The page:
Healthy Hips: What is Hip Dysplasia?

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April 26, 2022
2 min read

The hip joint is a ball-and-socket joint that allows an incredible range of movements without much risk of dislocation (unlike the shoulder).

The socket (pelvic bone, called the acetabulum) is very shallow, not holding the ball tight.

This is how all babies are born. The socket matures over time and most babies develop a nice, stable hip joint without any intervention being required.

1 in 6 newborns have some hip instability – incorrect swaddling techniques can increase the risk of Hip Dysplasia.

What is hip Dysplasia?

Hip dysplasia is a common condition which occurs when the ball and socket of the hip do not fit together in their ‘normal’ position. When the socket fails to mature properly and remains shallow, this leaves the hip joint vulnerable and predisposes to early-onset arthritis, indeed it’s the most common cause of hip arthritis in adults.

Early diagnosis of Hip Dysplasia optimises treatment outcomes

Risk Factors of Hip Dysplacia Include:

  • Female (Hip Dysplasia affects girls more than boys)
  • First born
  • Family history of hip dysplasia (in first degree relative)
  • Breech lie
  • Neuromuscular or connective tissue disorder associated with DDH
  • Inappropriate swaddling

Hip Dysplasia isn’t always present at birth hence the name Developmental Dysplasia of the Hip (DDH)

Signs and symptoms of hip dysplasia:

  • ‘Clunk’ or ‘Click’ when moving hip
  • Uneven thigh creases
  • Crooked buttock creases
  • Leg(s) difficult to spread apart
  • Weight off to one side when sitting
  • Different leg lengths
  • Avoiding weight bearing
  • Walking on tippy toes on one side• Limping when walking
  • Torticollis , Plagiocephaly and Metatarsus adductus

Every child’s hips need checking at:

  1. Birth
  2. 1-4 Weeks
  3. 6-8 Weeks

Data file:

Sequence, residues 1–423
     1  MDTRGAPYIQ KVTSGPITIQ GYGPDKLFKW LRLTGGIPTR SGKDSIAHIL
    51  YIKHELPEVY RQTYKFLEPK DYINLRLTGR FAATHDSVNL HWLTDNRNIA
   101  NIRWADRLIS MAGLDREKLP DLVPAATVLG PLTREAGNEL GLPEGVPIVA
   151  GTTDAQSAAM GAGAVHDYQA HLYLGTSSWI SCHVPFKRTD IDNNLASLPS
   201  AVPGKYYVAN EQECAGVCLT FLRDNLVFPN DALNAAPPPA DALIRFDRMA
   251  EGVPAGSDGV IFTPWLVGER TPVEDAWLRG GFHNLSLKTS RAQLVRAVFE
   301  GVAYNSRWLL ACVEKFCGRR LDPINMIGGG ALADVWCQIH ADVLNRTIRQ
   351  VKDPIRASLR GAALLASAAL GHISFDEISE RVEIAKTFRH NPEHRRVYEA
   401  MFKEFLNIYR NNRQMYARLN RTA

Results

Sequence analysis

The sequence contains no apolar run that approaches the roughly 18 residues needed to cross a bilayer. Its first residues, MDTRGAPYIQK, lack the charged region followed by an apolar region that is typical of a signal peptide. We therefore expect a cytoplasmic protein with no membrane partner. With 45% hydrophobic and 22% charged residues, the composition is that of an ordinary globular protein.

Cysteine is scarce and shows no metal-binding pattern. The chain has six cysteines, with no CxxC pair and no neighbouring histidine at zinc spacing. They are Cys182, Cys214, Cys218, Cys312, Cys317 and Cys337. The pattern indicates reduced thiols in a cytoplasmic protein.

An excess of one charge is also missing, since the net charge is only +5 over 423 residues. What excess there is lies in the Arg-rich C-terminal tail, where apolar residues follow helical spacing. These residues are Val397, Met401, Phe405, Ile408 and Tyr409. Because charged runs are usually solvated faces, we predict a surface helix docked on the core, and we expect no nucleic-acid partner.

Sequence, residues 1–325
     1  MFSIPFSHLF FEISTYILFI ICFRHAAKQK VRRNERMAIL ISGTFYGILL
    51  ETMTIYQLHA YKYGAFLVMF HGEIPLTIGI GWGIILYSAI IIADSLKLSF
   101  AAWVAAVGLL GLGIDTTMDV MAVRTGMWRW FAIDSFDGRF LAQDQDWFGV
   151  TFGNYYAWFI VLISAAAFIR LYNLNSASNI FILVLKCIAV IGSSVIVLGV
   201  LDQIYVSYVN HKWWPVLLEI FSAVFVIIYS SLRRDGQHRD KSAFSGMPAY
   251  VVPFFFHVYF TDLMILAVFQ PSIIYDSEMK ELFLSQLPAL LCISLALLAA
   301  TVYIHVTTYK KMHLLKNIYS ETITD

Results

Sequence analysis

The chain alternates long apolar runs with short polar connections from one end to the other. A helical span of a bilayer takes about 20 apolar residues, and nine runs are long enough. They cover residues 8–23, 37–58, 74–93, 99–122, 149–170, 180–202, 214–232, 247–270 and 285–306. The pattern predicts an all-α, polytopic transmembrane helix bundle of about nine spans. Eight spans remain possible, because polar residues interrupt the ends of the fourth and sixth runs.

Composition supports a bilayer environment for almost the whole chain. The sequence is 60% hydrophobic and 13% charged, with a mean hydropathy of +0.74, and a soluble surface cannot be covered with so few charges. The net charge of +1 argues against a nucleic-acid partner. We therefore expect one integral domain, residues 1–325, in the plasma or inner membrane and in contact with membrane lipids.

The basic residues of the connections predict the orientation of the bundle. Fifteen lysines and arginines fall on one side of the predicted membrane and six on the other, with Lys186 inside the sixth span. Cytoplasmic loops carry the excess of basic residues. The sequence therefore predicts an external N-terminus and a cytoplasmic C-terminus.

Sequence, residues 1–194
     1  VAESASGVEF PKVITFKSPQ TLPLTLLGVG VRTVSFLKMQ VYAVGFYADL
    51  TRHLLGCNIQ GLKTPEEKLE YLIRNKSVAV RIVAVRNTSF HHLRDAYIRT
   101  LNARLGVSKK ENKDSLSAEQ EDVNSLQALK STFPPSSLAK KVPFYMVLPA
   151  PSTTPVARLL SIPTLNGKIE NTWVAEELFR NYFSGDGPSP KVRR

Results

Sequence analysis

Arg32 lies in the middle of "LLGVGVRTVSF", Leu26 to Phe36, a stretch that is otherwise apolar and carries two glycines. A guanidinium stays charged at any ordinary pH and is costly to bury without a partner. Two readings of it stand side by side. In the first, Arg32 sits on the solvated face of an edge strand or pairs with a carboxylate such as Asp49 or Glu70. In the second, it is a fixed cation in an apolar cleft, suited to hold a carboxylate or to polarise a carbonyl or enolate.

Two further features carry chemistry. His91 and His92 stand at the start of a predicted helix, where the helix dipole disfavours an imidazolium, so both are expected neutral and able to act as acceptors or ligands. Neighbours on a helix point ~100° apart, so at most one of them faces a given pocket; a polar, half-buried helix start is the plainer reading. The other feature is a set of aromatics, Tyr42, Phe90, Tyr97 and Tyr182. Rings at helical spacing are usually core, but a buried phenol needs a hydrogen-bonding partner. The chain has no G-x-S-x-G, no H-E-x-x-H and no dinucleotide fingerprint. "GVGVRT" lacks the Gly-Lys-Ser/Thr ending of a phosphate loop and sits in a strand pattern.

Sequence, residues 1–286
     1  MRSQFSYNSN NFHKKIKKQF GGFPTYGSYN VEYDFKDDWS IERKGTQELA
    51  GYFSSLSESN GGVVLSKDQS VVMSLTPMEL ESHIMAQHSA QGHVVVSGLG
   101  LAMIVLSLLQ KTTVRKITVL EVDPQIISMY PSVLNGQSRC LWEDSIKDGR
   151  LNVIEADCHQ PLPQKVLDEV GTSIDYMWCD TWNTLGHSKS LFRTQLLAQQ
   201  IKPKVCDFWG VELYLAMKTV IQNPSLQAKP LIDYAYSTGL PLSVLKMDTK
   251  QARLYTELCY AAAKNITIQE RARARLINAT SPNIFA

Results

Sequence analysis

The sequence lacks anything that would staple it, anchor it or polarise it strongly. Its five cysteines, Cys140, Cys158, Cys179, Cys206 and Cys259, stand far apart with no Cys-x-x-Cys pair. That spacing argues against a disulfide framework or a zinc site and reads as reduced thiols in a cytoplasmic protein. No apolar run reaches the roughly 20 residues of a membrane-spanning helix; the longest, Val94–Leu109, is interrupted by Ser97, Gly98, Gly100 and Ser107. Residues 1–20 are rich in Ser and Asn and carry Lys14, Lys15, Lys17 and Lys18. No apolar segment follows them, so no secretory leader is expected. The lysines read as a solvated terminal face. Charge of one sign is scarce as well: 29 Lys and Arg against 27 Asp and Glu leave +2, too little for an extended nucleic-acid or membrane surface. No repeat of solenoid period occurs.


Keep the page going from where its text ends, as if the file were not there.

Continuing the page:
4. 6-9 Months
  5. 12 Months
  6. Then at the normal health reviews until 3.5 years

Your doctor will examine the hips and determine the need for an ultrasound to measure the degree of hip maturity, then guide you accordingly.  The best resource for all information regarding Hip Dysplasia is“Healthy Hips Australia”.

hip health

Safe Swaddling for Hips:

Swaddling the legs can impede this process and could lead to hip dysplasia and incorrect swaddling techniques can increase the risk of hip dysplasia.

It is important to swaddle the arms but leave the legs to ‘flop open’ and encourage the hip to mature.

See below the Dos and Don’ts when swaddling your baby:

Safe Swaddling/Wrapping

Tips to allow for natural hip development during swaddling/wrapping

  • Position your baby with their hips bent and knees apart in a frog position
  • Allow room enough, from the waste down, for free leg movement (a triangle not a sausage shape is a good guide).
  • Swaddle the upper body firmly, but not tightly.
  • Consider swaddling the arms only
  • Follow SIDS guidelines
  • Stop swaddling once your baby is rolling
  • Swaddle legs tightly or straight down/pressed together.
  • Use sleep sacks and pouches that are snug around the thighs

Why is this important?

  • Research indicates inappropriate swaddling can increase the risk of developmental dysplasia of the hip (DDH)

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